Life in a brackish lake

In the Marlera plain region, very close to the seashore, a couple of small brackish lakes can be found (Fig. 1), that are created by rainfall during winter and by seawater brought by the big waves caused by the two typical Adriatic winds – the Sirocco (or Jugo) and Bora (or Bura), which are frequent in the Autumn/Winter period. This water is rich in Crustaceans, a prelibate food for birds like the dunlin (Calidris alpina), a migratory species which can be seen in this area for a very short period during late Autumn (Fig 2 and 3).

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Fig. 1 Small lake near the seashore where fresh and salted water mix.

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In summertime, the hot and dry weather leads to almost all of the water evaporating, therefore only small salty ponds can be seen (Fig. 4).

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Fig. 4 The lake at the beginning of July, when only small higly salted ponds are left.

Later in the sumer, no water is left and only crystalised salt remains. However, some halophile species like the plant Salicornia europaea (Fig. 5) and the insects of the genus Cicindela (tiger beetles, Fig. 6) are able to cope with such harsh conditions.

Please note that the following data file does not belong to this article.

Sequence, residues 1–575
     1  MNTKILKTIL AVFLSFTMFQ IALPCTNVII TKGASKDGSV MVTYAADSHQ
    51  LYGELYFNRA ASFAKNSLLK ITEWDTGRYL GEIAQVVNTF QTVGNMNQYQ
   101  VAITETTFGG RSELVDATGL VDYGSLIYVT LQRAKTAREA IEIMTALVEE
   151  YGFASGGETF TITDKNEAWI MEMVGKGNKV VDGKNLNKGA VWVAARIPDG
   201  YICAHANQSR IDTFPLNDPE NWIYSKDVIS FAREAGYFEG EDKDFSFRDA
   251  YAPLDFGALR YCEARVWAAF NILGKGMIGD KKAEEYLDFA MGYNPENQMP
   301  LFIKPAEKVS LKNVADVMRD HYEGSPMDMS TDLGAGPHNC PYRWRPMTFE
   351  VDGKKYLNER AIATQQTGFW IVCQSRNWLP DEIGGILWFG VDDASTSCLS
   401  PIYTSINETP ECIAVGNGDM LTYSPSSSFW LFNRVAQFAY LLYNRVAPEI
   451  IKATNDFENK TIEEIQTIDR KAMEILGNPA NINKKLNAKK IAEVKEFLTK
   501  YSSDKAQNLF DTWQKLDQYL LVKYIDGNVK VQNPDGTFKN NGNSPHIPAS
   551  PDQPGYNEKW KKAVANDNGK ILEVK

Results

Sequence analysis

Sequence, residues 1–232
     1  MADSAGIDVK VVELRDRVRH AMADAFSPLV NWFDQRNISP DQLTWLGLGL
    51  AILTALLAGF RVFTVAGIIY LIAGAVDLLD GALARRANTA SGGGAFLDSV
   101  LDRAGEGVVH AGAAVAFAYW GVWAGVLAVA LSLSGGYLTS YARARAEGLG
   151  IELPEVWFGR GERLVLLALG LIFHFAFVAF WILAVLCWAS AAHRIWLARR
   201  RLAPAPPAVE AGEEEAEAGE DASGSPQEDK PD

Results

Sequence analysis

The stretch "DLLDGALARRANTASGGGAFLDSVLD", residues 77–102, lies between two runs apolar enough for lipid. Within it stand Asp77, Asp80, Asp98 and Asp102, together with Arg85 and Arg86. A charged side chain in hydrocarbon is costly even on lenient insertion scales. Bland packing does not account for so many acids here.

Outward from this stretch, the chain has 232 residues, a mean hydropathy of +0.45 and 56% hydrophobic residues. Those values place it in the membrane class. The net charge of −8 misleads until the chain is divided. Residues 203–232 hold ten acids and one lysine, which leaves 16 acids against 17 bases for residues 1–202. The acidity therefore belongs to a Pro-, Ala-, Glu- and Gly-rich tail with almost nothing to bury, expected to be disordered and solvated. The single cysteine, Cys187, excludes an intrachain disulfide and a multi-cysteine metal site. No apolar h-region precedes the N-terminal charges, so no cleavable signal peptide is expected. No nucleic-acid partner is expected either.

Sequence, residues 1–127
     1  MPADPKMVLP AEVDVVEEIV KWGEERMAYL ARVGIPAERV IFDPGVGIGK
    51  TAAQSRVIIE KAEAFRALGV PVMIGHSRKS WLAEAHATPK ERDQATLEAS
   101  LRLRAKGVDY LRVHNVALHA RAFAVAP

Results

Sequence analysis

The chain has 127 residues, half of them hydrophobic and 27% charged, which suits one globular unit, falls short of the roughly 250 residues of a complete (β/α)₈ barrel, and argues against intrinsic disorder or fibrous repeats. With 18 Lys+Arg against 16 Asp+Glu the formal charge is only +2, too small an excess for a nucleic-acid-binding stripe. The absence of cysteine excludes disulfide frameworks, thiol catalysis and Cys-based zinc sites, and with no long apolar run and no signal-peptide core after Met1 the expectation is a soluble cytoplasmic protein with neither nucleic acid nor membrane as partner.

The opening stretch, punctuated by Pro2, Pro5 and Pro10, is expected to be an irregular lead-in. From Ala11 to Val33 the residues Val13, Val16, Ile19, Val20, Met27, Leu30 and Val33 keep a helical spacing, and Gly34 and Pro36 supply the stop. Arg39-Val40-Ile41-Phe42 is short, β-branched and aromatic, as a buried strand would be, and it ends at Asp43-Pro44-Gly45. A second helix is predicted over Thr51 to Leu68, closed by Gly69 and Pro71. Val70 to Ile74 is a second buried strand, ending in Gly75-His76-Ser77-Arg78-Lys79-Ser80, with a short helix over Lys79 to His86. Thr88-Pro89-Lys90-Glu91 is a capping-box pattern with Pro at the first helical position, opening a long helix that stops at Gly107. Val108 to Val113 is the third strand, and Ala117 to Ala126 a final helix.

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Crabs that used to swim in the lake and small ponds are now all dead (Fig 7, 8).

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The insects attracts various predators such the common wall lizard, subspecies maculiventris. A nice specimen can be seen in the Fig. 9, inhabiting only Slovenia and Istria.

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Fig. 9 A lizard, member of the species Podarcis muralis maculiventris.

 

Photos by Borjan Radolovic

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